Life and I
We'll both try to be better somehow" - Leslie Bricusse, 1970

(Video link to performance of song.)

Tuesday, February 9, 2010

Oh Yes We Did....

...have fun in Bone Marrow Biopsy land today.

I made some small "signage" with the word "Biopsy" in the middle of a "NO" Graphic (i.e. the circle with the slanted line). I also made an arrow with the words, "Biopsy Here" in the middle of the arrow to "help" her locate the biopsy area. We are all in this as a team and anything I can do to help the Doctors and Nurses do their jobs better, I'm there for them.

I also made some stickers for the Nurse Practitioner that read, "Be Nice To Me, I Did A Bone Marrow Biopsy Today"(for her to wear in the office). For her to wear at home tonight, I made one that read, "Make My Dinner, I Did A Bone Marrow Biopsy Today." She was amused.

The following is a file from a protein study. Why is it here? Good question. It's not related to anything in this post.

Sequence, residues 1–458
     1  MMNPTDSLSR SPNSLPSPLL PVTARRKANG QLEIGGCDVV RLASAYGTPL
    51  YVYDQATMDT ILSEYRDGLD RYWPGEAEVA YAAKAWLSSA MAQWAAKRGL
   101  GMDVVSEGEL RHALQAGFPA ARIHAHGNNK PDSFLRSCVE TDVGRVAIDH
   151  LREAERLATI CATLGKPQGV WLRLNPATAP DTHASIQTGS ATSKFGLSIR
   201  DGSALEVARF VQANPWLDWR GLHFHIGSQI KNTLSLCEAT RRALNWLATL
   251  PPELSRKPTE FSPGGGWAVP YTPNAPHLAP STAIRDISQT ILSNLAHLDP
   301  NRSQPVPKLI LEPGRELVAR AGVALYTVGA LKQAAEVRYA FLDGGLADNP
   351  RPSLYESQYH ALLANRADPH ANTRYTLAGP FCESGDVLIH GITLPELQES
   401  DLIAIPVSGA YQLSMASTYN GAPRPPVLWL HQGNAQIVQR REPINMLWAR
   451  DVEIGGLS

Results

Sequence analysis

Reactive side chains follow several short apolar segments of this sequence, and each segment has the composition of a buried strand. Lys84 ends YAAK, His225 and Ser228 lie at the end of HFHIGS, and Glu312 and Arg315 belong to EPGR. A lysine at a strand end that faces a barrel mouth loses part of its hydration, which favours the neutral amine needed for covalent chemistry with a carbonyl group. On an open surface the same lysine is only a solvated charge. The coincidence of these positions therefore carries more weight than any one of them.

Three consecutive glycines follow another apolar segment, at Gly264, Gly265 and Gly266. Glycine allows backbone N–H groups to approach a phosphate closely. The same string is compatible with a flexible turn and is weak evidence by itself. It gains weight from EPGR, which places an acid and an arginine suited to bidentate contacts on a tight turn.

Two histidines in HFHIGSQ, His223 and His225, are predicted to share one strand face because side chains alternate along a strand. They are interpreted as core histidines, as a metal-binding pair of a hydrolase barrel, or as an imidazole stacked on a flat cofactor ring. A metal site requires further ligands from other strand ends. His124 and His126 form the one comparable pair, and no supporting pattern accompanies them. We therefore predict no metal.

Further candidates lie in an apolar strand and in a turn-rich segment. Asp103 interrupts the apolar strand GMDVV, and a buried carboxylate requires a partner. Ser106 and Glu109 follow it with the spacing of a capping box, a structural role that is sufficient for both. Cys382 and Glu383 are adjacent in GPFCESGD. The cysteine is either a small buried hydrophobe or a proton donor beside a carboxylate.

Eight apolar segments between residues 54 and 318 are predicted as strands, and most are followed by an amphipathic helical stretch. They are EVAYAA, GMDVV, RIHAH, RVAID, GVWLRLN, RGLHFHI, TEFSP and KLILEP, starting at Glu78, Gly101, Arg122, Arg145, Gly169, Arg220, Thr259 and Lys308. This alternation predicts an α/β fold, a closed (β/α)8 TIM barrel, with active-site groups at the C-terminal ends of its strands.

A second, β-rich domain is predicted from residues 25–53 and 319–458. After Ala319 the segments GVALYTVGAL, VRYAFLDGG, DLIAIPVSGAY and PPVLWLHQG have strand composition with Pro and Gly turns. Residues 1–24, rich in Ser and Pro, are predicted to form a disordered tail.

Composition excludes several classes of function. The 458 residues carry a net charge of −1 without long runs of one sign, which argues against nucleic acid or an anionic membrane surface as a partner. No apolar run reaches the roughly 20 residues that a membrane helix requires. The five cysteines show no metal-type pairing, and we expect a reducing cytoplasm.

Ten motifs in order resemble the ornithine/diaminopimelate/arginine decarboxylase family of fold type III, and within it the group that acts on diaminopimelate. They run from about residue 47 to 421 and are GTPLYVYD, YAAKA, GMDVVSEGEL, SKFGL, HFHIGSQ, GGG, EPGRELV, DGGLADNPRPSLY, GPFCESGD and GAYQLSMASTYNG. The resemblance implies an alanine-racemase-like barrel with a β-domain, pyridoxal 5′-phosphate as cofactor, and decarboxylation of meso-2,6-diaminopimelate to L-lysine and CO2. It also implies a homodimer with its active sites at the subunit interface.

Because she said I was brave, I even got a Tootsie Roll treat afterwards. My wish, when I get a bone marrow biopsy, is that people standing outside the room hear nothing but laughter coming out of the room. The Nurse Practitioner said that is a pretty rare occurrence, but I think we succeeded today. For me, it does have it's uncomfortable moments, and I still have anxiety about it, but today it went well and it is a mind over matter thing for me. I won today.

As far as the results of the bone marrow biopsy (i.e. Are there any cancerous cells cancer residing in my bone marrow), I will hear something in the next week or so.

Next up - a Pulmonary Function Test and then a meeting with the doctor in a month to review some secondary cancer screening bloodwork.

"You Boy, What Day Is Today?"